What is the StAR initiative?
The StAR Initiative is a partnership between the United Nations Office on Drugs and Crime (UNODC) and the World Bank Group that supports international efforts to end safe havens for corrupt funds. It produces reports on relevant asset recovery related topics, promotes the causes of anti-corruption and asset recovery on the international policy agenda and works with countries to assist them in their efforts to recover proceeds of corruption from other jurisdictions.
What assistance can StAR provide to countries?
StAR helps through capacity building and practical assistance to countries engaged in asset recovery. The capacity building covers a wide array including trainings in financial investigations, in the use of open source information, in understanding and summarizing financial information and in the practice of international cooperation.
StAR also assists countries to put in place the policies and institutions for successful asset recovery: laws and regulations on anti-money laundering, transparency, the integrity of the civil service (asset disclosure) and preventive measures in the financial sector. While this type of assistance is normally delivered by StAR staff on-site for short periods of time, in exceptional cases, where a country expresses the wish to have assistance over a longer period of time, StAR can assist a country through placing an advisor on-site, for a limited period of time. This type of assistance includes helping ministries define priorities, assisting in the planning and coordination of asset recovery efforts, preparing a training program, promoting good practices for facilitate mutual legal assistance, fostering contacts with regional and international officials. It explicitly excludes involving oneself in legal representation of a country, taking sides between countries, taking possession of evidence serving as a witness or managing a case.
Apart from the generic capacity building, StAR also assists in asset recovery cases by being an honest broker between countries to facilitate international cooperation. It can draw on an extensive network of internationally recognized experts in many financial centers around the world to assist client countries that are trying to hold corrupt officials and their enablers to account. By bringing together requesting and requested states, StAR assists in significantly shortening the amount of time normally taken for international cooperation.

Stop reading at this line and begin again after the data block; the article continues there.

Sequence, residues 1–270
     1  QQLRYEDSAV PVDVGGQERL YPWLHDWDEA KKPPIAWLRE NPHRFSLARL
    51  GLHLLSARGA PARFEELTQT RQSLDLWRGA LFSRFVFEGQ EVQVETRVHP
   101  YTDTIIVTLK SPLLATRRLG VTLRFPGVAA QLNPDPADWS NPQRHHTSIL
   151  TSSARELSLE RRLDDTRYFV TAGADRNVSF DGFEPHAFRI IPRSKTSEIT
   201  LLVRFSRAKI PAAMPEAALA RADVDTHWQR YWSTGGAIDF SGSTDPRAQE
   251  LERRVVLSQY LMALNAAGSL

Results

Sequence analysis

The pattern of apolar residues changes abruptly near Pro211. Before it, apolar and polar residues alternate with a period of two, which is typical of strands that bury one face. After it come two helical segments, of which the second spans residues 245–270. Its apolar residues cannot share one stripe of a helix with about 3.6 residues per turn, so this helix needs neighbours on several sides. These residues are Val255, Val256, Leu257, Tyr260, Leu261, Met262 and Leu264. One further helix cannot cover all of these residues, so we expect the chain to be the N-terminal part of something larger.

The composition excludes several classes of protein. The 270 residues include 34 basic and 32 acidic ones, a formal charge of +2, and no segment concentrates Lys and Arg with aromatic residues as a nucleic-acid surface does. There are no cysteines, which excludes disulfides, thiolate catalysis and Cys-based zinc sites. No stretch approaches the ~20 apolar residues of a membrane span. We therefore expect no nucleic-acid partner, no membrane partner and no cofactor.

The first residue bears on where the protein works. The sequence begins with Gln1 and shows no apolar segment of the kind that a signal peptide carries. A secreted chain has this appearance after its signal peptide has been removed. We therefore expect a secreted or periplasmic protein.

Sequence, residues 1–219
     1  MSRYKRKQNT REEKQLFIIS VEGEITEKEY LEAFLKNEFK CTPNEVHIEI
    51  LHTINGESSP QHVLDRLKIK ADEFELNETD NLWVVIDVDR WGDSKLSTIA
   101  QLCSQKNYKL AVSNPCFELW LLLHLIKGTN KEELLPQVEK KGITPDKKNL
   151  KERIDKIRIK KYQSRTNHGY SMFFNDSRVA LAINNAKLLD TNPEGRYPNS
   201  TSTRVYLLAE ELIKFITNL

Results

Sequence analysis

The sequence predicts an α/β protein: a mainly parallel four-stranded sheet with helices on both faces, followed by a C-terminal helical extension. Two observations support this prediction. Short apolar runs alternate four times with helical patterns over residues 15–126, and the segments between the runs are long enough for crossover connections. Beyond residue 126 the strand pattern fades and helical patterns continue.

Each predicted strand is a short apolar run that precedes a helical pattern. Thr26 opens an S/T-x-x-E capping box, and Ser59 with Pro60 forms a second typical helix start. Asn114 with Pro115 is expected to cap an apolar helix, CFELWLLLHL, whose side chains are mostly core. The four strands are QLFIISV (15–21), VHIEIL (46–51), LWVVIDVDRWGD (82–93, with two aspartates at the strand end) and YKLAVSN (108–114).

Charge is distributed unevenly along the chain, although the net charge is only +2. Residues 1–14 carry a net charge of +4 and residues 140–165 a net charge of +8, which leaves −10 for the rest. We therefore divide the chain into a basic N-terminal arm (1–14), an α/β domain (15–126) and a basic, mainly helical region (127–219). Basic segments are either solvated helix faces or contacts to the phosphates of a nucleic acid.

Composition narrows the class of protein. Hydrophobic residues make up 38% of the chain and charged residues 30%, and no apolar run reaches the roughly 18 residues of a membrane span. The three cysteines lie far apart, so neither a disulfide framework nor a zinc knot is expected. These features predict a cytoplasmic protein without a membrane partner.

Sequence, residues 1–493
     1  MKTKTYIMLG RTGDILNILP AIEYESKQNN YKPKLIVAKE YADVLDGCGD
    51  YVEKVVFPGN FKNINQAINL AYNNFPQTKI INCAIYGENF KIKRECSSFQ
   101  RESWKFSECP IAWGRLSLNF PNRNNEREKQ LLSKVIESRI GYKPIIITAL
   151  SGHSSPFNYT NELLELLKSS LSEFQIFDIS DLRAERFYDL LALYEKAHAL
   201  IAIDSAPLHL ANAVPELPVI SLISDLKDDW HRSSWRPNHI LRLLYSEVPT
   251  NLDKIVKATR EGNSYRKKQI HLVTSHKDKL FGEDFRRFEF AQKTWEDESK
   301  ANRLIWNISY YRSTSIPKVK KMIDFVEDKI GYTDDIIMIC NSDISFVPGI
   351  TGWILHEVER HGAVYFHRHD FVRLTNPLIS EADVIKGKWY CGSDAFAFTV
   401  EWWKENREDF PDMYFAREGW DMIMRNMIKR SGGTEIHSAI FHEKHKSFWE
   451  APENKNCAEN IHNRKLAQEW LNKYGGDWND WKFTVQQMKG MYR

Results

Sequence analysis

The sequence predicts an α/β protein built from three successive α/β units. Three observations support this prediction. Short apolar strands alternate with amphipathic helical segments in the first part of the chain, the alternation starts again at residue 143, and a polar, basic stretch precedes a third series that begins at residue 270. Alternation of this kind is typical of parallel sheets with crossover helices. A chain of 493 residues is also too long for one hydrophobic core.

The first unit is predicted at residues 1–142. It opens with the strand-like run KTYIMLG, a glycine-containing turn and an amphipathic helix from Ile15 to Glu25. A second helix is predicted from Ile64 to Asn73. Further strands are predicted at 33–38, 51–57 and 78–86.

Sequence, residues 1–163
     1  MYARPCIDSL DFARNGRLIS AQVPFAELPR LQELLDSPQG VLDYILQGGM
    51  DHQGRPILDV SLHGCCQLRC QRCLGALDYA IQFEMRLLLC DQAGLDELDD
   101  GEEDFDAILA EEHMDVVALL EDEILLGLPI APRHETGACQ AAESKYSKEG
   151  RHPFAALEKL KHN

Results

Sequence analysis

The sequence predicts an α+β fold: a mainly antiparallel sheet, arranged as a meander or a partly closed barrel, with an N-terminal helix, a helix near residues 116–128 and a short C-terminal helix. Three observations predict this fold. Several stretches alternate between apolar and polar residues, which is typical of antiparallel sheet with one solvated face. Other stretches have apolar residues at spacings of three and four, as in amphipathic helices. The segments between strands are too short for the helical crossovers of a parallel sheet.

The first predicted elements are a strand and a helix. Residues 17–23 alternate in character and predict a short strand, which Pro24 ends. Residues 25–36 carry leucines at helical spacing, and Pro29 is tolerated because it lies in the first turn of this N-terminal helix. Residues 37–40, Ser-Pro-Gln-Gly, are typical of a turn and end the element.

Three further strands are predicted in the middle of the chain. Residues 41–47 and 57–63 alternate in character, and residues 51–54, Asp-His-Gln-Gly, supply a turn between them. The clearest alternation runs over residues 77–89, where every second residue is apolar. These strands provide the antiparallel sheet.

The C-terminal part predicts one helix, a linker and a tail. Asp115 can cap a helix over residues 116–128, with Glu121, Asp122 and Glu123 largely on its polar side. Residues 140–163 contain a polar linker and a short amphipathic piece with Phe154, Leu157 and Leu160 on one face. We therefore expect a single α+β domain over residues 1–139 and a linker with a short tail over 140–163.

Does StAR conduct investigations?
No, StAR does not conduct investigations for countries, financial or otherwise, nor does it interfere in legal proceedings. StAR supports national authorities by building capacity but the decision as to whether to prosecute officials and seek to recover the proceeds of corruption lies with the national authorities. StAR assistance is factual and objective, and based on the rule of law and international best practice.
Does StAR disclose the substance of its engagement in specific countries?
No, StAR does not discuss the content of any of its assistance or engagement unless explicitly asked to do so by the client country.
Why is a development organization like the World Bank involved in asset recovery?
By any measure, the amount of money gained annual through corruption is vast, US$20-40 billion at the very lowest estimates. When funds that are meant to benefit the public as a whole, are used for private ends, society, and the poor and vulnerable in particular, are harmed. That money could have built a hospital or financed a school. It is therefore important to development to ensure the corrupt are held to account and that any proceeds are returned to their rightful owners.
For additional information, visit StAR